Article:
From that point my spiritual life took a serious decline. I stopped reading my Bible, stopped praying almost completely, and started letting "sin" back into my life. I have no motivation to be a "good" Christian anymore, and every time I walk into the church I feel burdened with guilt and shame... I don't understand why, if God exists, He would allow me to know Him so closely and then just shut the door, cut me off completely. Why would God allow Hurricane Katrina to literally wipe my hometown off the map? Why would he forbid homosexuality, and then make humans who are attracted to people of the same sex? (I never believed that old Christian stand-by that "homosexuality is a choice.") Why would God allow right-wing conservatives to use Jesus (the "Prince of Peace") as their justification and their scapegoat for war, bigotry, and closed-mindedness?

Like I said... as of right now I consider myself a Christian still, but I don't think I'll stay that way for long. I love what Jesus represents: sacrificial, agape love. I love what I did in China, and I hope to do it again... but I don't want to do it under the condition that I have to share the gospel. I want to do it to help people, to experience a different culture, to make friends. Honestly, since I've come to terms with this I feel like I did when I first rededicated my life to Christ... but without all the guilt. I just feel... like I'm actually living, and not wrapped up in worry and shame. It feels pretty freakin' great, actually. :) 

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You'll find spiritual Highs.

Will Titan bear life tomorrow? If so it changes the debate from a statistical probability of their being life off this planet to a known fact. It's beautiful to think of what that means.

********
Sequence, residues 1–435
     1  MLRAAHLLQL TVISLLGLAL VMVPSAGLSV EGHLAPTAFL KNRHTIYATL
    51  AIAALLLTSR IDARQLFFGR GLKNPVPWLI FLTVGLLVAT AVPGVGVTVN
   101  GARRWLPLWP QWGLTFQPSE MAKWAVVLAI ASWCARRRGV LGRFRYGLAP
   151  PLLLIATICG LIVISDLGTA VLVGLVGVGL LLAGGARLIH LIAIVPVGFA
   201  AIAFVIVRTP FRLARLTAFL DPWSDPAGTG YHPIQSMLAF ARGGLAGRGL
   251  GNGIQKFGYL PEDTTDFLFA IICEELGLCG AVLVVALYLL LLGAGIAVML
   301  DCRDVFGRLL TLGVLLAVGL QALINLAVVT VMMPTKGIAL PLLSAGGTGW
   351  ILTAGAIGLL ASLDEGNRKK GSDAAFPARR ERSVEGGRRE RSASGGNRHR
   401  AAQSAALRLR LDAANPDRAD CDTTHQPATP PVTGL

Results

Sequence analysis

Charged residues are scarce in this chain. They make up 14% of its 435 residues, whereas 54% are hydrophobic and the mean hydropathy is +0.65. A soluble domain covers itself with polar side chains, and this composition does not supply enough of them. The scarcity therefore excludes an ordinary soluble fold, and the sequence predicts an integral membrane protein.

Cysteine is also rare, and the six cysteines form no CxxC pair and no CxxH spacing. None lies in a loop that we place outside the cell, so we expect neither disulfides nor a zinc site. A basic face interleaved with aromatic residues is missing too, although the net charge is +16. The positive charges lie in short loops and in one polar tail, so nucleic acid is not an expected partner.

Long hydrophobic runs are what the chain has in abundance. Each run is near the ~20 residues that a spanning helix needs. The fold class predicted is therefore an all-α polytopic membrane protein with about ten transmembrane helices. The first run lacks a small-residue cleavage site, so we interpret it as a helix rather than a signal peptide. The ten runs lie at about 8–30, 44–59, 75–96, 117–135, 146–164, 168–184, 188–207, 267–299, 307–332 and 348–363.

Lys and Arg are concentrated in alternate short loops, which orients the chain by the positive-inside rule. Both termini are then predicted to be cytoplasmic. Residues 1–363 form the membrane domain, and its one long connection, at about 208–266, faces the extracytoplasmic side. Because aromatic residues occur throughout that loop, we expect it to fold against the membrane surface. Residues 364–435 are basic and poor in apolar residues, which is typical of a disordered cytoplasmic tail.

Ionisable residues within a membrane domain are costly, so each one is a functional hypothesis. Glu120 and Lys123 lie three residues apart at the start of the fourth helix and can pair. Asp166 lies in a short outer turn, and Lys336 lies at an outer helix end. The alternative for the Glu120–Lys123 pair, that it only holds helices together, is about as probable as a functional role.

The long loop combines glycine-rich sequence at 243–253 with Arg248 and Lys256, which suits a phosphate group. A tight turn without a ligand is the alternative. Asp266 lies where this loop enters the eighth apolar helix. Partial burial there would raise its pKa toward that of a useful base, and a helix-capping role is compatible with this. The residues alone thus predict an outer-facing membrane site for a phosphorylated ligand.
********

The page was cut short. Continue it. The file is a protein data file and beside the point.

The randomness and the improbability of our life being here strikes me as stunning. To sit back and ponder the leaps life has taken to get here, from the center of a star to my molecules heading back to other stars one day. It's Dust to Dust without someone telling you how to dance to the song of life as it plays.

I can't offer you the fantasy of everything being OK and one day it being perfect. Life is filled with loss. But only when you've enjoyed its fruits. You can still teach kids English. People even pay good money for the service. You can derive your spirituality from what you do with your life rather than from who you serve. I'm not suggesting that you should be an Atheist. You should follow what feels good and doesn't harm your neighbor. But life as a all out atheist isn't void of good and enjoyable things. Rather, I find that I get a greater sense of accomplishment when I help another because it's actually altruistic and not done for future gain... ahem... the missionary.

Good luck with where you choose to go and we are happy to have you here!
that video was great. it painted a really beautiful picture haha. i'm a pretty lucky, sheltered kid but i know enough about life to know that it's never gonna be perfect... i think that's part of the reason i was clinging to religion so tightly after I rededicated. Christianity gave my life meaning, at least for that brief time.

I'm starting to see that I have the capacity to give my own life meaning now. just like you said, I can derive my spirituality from what I do. i don't need a god to define my actions or set a path for me :)

thanks for taking the time to read that wall of text i wrote and givin' me such a thoughtful response! i really appreciate it :D
What a great example of how science, even without the magic of the supernatural, can be incredibly inspiring!
i really do love the "love" part haha. I guess I never really thought of it that way, but it's completely true. And yeah, I do tend to brush over the nastier parts... like a good bit of the Old Testament haha.

I've done a little bit of research but I'm unfamiliar with a lot of the terminology and I'm not too great with science that's not human nutrition (my major, haha). I plan to stick with it though :) I definitely don't want to make any big decisions without knowing as much as I can. thanks so much for your suggestions!